Students can opt to defer payment of the interest while they’re in school and during any grace or deferment periods. All accumulated interest during these periods is capitalized, adding to the principal loan amount.
How Much Money Do Students Get?
The amount of money a student can borrow — whether they choose a subsidized or unsubsidized loan — is calculated based on the cost of attendance at their particular school. This can include elements like tuition, fees, room and board, transportation, books, supplies and other qualifying expenses.
A student’s Stafford Loan is first disbursed to their school, where tuition, fees, and room and board costs (if the student lives on campus) are automatically deducted. If funds are left, that remainder is typically sent to the student, though some schools have a different policy. The student can then use those funds to pay for other college-related expenses, which might include personal needs, transportation to and from school, textbooks and supplies.
According to the U.S. Department of Education, “The maximum amount you can borrow each academic year in Direct Unsubsidized Loans ranges from $5,500 to $12,500 for undergraduates, depending on your year in school and your dependency status.” Numbers are similar for Direct Subsidized Loans. Students who are in graduate or other professional degree programs can borrow up to $20,500 a year. Furthermore, there is a cap on how much each student can receive for their entire undergraduate or graduate college career.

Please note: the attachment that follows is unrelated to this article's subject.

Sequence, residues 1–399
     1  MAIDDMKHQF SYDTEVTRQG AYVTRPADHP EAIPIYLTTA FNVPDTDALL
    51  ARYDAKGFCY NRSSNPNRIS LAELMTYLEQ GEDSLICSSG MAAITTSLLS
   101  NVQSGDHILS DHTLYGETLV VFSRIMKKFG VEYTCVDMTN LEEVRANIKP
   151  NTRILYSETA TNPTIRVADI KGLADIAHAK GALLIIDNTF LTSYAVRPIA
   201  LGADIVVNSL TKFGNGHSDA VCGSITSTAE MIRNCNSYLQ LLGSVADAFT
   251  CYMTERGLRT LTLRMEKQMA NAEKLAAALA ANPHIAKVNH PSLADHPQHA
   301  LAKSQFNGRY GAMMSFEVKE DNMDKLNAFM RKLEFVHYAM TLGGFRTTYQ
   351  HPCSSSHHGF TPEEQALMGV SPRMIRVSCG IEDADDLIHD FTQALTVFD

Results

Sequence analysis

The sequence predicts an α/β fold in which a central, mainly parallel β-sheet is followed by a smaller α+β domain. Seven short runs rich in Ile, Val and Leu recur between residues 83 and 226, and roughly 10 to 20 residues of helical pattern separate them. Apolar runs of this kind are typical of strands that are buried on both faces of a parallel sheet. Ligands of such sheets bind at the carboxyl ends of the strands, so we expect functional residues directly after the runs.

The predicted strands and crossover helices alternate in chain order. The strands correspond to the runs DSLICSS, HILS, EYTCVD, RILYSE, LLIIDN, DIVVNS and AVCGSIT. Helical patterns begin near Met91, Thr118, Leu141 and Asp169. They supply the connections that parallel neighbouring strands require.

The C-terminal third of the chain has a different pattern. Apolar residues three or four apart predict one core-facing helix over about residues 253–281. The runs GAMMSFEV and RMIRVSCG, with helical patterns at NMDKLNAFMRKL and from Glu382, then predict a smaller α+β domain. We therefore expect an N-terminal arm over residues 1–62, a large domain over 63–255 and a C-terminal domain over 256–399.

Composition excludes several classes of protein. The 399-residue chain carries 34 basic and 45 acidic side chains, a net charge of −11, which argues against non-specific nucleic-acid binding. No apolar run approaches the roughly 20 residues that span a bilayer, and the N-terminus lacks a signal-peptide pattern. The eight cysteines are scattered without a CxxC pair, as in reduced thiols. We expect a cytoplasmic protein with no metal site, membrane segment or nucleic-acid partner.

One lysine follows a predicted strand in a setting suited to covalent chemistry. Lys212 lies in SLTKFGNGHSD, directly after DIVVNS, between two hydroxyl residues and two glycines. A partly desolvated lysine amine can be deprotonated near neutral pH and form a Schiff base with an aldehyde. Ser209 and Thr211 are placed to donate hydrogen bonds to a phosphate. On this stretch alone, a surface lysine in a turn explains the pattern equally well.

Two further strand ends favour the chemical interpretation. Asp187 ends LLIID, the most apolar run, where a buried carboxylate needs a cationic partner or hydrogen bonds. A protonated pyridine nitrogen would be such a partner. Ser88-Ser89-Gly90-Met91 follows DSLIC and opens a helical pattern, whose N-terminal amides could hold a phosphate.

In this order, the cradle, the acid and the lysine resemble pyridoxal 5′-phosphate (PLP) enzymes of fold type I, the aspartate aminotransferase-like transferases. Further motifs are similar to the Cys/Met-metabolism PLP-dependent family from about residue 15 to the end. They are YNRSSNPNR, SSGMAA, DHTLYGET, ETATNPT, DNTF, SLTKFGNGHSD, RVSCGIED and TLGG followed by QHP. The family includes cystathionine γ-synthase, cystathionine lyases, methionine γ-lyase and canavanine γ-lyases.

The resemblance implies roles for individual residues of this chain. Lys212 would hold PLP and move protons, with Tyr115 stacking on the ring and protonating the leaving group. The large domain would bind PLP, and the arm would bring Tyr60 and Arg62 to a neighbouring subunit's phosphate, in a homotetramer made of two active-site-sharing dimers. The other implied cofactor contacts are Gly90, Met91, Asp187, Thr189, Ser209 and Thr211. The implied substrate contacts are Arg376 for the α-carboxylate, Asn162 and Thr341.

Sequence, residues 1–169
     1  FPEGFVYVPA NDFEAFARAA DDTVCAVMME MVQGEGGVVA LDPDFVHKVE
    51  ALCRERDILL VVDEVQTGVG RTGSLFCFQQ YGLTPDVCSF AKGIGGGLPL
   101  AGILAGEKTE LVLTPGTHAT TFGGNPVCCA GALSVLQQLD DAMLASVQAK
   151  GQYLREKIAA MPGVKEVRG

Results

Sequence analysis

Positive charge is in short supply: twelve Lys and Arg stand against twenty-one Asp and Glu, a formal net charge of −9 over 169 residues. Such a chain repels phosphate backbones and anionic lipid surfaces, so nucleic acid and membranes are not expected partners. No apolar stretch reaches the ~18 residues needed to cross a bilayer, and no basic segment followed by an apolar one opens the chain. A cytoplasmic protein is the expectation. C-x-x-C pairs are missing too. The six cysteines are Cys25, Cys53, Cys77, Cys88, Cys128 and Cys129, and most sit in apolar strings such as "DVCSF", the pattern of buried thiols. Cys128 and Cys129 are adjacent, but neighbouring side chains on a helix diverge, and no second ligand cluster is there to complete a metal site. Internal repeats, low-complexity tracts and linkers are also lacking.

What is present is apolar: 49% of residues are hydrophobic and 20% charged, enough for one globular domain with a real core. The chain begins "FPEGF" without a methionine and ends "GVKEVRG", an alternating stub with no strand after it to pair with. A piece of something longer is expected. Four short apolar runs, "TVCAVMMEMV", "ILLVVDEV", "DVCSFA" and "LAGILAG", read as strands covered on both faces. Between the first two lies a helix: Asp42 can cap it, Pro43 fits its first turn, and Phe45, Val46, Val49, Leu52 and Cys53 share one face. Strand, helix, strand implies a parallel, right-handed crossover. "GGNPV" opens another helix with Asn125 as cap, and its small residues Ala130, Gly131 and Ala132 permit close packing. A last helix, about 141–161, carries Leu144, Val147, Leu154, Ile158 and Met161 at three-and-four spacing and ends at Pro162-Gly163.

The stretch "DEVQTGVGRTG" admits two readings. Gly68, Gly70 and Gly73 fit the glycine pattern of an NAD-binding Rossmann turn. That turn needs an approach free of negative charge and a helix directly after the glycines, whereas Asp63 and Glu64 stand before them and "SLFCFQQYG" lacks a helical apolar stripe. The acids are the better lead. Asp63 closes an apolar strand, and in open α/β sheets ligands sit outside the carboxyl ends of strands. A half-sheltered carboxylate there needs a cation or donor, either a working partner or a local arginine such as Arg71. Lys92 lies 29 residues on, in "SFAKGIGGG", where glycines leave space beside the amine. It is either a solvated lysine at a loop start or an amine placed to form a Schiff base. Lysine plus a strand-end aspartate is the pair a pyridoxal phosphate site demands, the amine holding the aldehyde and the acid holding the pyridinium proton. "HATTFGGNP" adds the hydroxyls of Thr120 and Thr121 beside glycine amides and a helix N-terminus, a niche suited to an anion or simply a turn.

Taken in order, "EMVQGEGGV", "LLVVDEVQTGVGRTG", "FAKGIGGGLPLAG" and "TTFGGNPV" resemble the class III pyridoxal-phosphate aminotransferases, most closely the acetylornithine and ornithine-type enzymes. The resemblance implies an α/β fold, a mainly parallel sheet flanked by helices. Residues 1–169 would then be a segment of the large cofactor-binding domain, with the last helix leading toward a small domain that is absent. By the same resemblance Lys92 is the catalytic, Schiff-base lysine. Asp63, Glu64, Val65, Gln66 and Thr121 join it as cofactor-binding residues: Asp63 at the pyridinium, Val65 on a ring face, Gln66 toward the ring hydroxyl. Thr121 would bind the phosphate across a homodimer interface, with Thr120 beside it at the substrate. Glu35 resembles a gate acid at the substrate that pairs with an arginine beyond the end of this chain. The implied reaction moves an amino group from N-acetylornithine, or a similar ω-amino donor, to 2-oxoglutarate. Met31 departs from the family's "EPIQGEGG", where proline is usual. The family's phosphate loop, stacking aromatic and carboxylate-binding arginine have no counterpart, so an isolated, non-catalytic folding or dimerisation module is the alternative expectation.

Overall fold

The Process of Applying for Stafford Loans
Stafford Loans are available to the majority of students enrolled in higher-education institutions. However, there are some specific requirements a student needs to meet to be eligible for federal student loans. The student must be a U.S. citizen or an eligible non-citizen. They need to be enrolled in their program at least half-time or more. They must also submit the Free Application for Federal Student Aid (FAFSA) before the yearly deadline. A full list of eligibility criteria is available on the Department of Education website.
The government awards Stafford Loans on a yearly basis. Students must re-submit the FAFSA each year they are in school to receive federal aid. That means each year, they must enroll in their institution at least half-time to continue qualifying for Stafford Loans. The main reasons for the annual renewal are that a student’s (or their family’s) financial needs may differ from year to year and that tuition costs may rise each year, too.
FAFSA applications are free to fill out and fairly straightforward — the information needed is fairly standard. To prepare, dependent students who are U.S. citizens should have ready their Social Security number and their parents’ Social Security numbers. Non-citizen applicants need to provide their Alien Registration number. To complete the application, students also need financial details like their parents’ tax information, bank account balances and more.